One of the many successes of Rogue One was Michael Giacchino’s exceptional soundtrack. The entire score remains a joy to listen to, but no track embodies this success more than the stirring Guardians of the Whills Suite.
Back in April I wrote how important Solo: A Star Wars Story is going to be for the Star Wars franchise, as it presented the fandom with its first chance to show Disney what it really thought of The Last Jedi. As it’s turned out that’s pretty much exactly what happened, and it’s currently looking 50/50 as to whether the film will even break even.
Yet it all seems a bit unfair to punish Ron Howard’s undoubtedly hard-working crew and cast for the stalled sequel trilogy – especially when Solo is a competent, well-made ride that actually adds to the characters we already know. And since this is the passion project of Lawrence ‘The Force Awakens‘ Kasdan we’re talking about, it could so very easily have gone the other way…
The Art of Storytelling
As a lifelong Star Wars fan (born in ’83 and raised on the Original Trilogy while still young enough to enjoy the Prequels), the Disney era has been pretty tough to take so far. That’s been reflected by a rising cynicism in my posts here, which, while understandable given the current state of Star Wars, isn’t exactly how I want to celebrate my fandom of the greatest film saga in Western culture.
With Solo only weeks away it’s time to heed the call of the light and bring balance to the blog. Welcome to the first part of a series about why Star Wars is so special – and where else to start but with the story itself?
The hype for Solo: A Star Wars Story is building and it’s hard to not want to get on board – the OT setting, Oscar-winning director and the fact that it’s yet another Star Wars movie for our eyes and brains to appreciate are all compelling reasons to book tickets for the day of release (May 25th, AKA the real Star Wars day).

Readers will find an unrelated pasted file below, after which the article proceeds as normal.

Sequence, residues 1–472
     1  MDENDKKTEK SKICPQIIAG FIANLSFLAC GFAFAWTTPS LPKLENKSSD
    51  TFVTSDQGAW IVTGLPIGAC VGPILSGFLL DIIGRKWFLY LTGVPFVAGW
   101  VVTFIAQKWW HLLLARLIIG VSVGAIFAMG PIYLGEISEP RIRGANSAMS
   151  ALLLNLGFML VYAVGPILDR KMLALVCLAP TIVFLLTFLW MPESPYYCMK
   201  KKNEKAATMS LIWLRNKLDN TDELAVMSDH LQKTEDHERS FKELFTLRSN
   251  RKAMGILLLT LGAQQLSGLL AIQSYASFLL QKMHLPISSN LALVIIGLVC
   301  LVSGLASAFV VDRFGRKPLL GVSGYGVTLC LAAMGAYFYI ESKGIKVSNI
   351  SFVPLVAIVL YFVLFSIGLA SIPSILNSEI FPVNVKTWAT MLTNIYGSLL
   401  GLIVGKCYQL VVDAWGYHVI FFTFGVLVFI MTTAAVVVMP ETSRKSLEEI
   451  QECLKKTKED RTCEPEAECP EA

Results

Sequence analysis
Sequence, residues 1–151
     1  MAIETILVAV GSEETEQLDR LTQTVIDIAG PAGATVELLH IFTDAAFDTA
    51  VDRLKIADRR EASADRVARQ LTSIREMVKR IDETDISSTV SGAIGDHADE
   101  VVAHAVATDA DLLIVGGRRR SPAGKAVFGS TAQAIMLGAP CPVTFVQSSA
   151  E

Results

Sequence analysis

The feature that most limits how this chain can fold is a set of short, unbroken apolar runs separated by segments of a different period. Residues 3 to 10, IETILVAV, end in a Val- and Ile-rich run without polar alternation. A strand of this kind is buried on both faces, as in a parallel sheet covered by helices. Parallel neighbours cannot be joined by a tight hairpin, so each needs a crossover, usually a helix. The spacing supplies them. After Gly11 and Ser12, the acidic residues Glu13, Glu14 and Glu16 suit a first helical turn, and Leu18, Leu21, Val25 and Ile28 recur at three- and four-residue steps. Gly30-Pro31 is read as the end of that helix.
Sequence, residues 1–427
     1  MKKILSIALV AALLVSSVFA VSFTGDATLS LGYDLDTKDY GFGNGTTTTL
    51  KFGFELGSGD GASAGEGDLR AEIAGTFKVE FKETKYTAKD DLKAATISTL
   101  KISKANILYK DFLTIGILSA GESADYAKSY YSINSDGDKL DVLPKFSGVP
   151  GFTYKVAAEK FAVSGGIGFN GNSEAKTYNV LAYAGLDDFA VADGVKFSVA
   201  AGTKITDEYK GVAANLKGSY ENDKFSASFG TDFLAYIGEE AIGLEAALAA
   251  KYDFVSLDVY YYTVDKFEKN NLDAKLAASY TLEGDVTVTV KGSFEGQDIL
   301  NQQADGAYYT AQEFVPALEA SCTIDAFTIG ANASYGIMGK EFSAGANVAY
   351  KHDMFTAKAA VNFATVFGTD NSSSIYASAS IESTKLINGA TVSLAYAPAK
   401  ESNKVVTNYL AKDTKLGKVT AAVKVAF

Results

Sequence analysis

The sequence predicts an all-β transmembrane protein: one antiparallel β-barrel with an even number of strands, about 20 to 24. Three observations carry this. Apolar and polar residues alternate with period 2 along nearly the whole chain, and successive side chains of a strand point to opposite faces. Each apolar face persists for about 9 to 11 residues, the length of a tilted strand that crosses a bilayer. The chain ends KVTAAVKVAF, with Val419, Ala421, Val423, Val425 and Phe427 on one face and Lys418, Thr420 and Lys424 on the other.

But with Solo coming out so soon after The Last Jedi, the spin-off finds itself in a precarious position. Despite the production dramas and the fact that most observers have seen Ron Howard’s prequel as somewhat of a pointless project, this is fast becoming the story that will define the short to medium term future of Disney’s Star Wars.
This week the deadlock finally broke as Lucasfilm brought us not just one but two advance looks at this May’s Solo: A Star Wars Story.
First out of the traps was the ‘Big Game‘ TV spot, which debuted in the US with the Superbowl and caused chatter amongst nerd keyboards globally. The one minute reel gives us the briefest of looks at the core cast (hey there, moody noir-lit Han) and some cool visuals, along with a most un-Star Wars take on the soundtrack.
On Monday morning (US time) the full teaser trailer saw release on Good Morning America. It gives us a bit of a better look at the characters (hey there, double-bandolier strap Chewie), a few more impressive character designs and visuals and a bit more understanding of the plot (so it’s a heist film, right?). In short, it does everything a good teaser trailer needs to do.
There is still the big question that’s going to loom over the entire film – and no, I don’t mean whether or not Alden Ehrenreich the right choice to play Han (first impressions are so-so on that score, but I’m willing to be impressed). What Solo: A Star Wars Story needs to demonstrate to me is whether there was ever a good reason to make it at all.
Lucasfilm has already slaughtered the Original Trilogy‘s sacred cows with the Sequel Trilogy, so we shouldn’t be surprised by anything that fundamentally changes our understanding of the Han Solo character. As far as I’m concerned, if the film manages to get anywhere near Rogue One quality while also giving us a good reason for Han to return to smuggling in later life (because The Force Awaken‘s deadbeat absent dad really didn’t fly), then I’ll be happy. Anything more than that will be a bonus.
Buy into the hype train (or don’t). We’re going to find out all about Solo on May 25th.